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Minister Sargent Announces €10 Million To The World Food Programme

Mr Trevor Sargent TD, Minister for Food and Horticulture at the Department of Agriculture, Fisheries and Food, today announced €9.96 million in funding is to be provided by the Department of Agriculture, Fisheries and Food to the United Nations World Food Programme (WFP)."This money will be used by WFP to provide food to the hungry poor in Africa and elsewhere," Minister Sargent said.

World food prices have risen by 45% in the last nine months. Food importing countries have seen their financial costs rise by 56% as there are serious global shortages of rice, wheat and maize. The increase in food prices is hitting the hungry the hardest. 162 million people are living on less than $0.50 a day and are least able to cope. More than half the world's population lives in low-income, food-deficit countries that are unable to produce or import enough food to feed their people.

The World Food Programme, which is the UN agency responsible for the provision of food aid, are fighting hunger across the globe, an ongoing battle which has been made harder by the recent increases in food prices across the world. "We are aware of the current situation regarding rising food prices which are affecting millions of people - hitting hardest those living in poverty," declared Minister Sargent, "It is because of this that we will provide Ireland's core contribution to the WFP in cash. Cash is the most flexible resource and it gives WFP complete discretion to direct food aid where it is most needed."

The funding will be used to bring food aid as a response to natural and man-made emergencies, to help bring people from crisis to recovery and in support of logistics to speed up the delivery of aid.

In addition to the core funding provided by the Department of Agriculture and Food, Irish Aid in the Department of Foreign Affairs, responds to requests for funding for specific WFP emergency appeals. This combined approach makes Ireland's contributions to WFP especially useful to the organisation. All Irish funding to WFP is in the form of untied cash grants.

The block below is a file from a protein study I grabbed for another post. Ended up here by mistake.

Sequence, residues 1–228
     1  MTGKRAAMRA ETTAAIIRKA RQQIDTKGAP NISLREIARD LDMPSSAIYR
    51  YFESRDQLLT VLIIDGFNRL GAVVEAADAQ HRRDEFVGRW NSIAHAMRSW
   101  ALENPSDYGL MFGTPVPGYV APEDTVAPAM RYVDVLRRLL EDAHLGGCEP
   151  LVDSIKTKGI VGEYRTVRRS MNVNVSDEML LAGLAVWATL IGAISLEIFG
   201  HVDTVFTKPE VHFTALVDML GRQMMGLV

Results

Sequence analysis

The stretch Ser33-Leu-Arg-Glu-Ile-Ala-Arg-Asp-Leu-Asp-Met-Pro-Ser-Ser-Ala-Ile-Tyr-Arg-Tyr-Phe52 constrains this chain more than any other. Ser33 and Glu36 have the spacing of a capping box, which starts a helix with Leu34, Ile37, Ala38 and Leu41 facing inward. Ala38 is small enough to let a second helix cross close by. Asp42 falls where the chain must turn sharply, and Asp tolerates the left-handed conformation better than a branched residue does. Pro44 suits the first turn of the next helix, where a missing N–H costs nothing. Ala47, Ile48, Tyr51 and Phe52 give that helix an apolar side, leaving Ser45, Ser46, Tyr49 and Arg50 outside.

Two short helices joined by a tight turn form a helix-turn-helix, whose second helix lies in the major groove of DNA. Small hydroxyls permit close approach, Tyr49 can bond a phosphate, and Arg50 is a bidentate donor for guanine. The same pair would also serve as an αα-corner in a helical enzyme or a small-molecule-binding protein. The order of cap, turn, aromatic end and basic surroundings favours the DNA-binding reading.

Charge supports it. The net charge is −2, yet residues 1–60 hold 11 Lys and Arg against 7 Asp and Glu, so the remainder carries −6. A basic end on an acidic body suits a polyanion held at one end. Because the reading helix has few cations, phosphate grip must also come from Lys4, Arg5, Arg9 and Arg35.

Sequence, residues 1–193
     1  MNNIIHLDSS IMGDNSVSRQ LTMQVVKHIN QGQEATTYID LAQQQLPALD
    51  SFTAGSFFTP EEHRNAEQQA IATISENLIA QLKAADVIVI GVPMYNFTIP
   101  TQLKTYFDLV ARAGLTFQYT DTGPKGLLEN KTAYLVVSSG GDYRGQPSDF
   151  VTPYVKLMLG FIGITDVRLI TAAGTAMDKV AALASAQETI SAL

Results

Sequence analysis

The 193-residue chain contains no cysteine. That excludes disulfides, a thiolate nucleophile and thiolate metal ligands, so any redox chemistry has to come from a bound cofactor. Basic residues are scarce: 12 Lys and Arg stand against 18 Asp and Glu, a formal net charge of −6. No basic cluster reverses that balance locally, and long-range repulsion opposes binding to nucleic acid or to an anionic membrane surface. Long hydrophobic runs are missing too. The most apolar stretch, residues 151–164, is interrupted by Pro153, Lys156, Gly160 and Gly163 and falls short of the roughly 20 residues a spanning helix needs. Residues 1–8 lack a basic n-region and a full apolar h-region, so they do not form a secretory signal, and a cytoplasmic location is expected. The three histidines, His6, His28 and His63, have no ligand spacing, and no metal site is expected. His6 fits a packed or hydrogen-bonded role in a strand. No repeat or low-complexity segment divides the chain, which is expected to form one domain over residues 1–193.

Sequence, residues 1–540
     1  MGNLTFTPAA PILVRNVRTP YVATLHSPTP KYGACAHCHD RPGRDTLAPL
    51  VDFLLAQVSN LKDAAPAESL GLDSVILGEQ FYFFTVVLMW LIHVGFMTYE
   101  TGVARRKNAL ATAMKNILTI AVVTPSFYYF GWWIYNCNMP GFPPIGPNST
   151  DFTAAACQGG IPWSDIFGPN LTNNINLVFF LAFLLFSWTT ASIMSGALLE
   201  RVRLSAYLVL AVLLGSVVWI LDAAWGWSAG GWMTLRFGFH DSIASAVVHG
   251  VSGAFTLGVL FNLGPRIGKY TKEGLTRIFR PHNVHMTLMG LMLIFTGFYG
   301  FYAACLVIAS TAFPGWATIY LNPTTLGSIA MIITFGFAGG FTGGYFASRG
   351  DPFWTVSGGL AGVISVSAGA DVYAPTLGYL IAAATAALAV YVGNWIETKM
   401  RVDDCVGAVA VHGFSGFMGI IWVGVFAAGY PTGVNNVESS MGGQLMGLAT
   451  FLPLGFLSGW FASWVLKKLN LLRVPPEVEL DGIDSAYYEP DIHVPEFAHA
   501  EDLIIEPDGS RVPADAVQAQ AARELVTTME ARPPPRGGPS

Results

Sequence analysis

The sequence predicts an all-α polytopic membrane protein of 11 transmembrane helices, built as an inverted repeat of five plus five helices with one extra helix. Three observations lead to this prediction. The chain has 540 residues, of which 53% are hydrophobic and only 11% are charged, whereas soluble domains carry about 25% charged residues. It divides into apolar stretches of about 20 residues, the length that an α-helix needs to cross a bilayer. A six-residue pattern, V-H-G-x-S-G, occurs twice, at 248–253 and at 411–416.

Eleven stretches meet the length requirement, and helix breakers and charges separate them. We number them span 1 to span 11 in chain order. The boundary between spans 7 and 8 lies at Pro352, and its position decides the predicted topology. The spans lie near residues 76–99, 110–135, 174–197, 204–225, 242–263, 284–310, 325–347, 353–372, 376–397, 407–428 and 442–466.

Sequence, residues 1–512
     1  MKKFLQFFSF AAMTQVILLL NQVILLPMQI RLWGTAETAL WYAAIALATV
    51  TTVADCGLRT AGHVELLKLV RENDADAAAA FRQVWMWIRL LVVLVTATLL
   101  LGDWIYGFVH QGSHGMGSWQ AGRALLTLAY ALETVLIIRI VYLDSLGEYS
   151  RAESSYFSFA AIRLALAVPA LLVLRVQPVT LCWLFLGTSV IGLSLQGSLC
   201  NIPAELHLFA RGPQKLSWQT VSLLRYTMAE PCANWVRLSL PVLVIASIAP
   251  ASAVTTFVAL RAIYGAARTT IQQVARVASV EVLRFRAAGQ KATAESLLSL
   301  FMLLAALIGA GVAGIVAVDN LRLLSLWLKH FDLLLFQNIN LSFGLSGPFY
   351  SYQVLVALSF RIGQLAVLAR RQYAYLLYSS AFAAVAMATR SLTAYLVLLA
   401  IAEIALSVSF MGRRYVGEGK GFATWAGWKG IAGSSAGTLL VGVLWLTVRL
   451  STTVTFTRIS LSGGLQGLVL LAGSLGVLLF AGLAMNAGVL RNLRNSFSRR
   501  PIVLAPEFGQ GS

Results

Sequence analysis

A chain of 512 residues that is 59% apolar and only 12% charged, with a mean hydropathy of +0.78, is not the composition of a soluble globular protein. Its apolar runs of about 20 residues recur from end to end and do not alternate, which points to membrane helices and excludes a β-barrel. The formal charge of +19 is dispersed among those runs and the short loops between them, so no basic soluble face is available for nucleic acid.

Minister Sargent emphasised the fact that in the last seven years, the Department of Agriculture, Fisheries and Food has more than doubled its contributions to WFP: "In 2000, we contributed just under €3.2 million. This year our contribution so far has reached almost €10 million."


The World Food Programme (WFP) was established in 1962 and is the food aid organisation of the United Nations. It is an aid programme, which operates on the basis of voluntary contributions by donor countries pledged at irregular intervals. The WFP provides food aid primarily to low-income, food deficit countries, to assist in the implementation of economic and social development projects and to meet the relief needs of victims of natural and other disasters. In 2006, WFP fed 87.8 million people including 58.8 million children in 78 countries. Sudan was the largest single country operation in 2006. Currently some of WFP's major operations include: Eastern Africa (Kenya, Somalia, Djibouti and Ethiopia) Southern Africa (Malawi, Zambia, Mozambique and Zimbabwe) and elsewhere.

The table below shows the increases in the Department's contributions to WFP since 2000:

Annual contributions to WFP in Euro (2000-2007)

2000 2001 2002 2003 2004 2005 2006 2007
3,187,005 3,729,221 4,430,000 4,430,000 5,830,000 7,175,954 8,506,000 10,510,000

Ireland was the fourth highest per capita contributor to WFP in 2006, with an average contribution of around $7.50 per person.

Date Released: 06 May 2008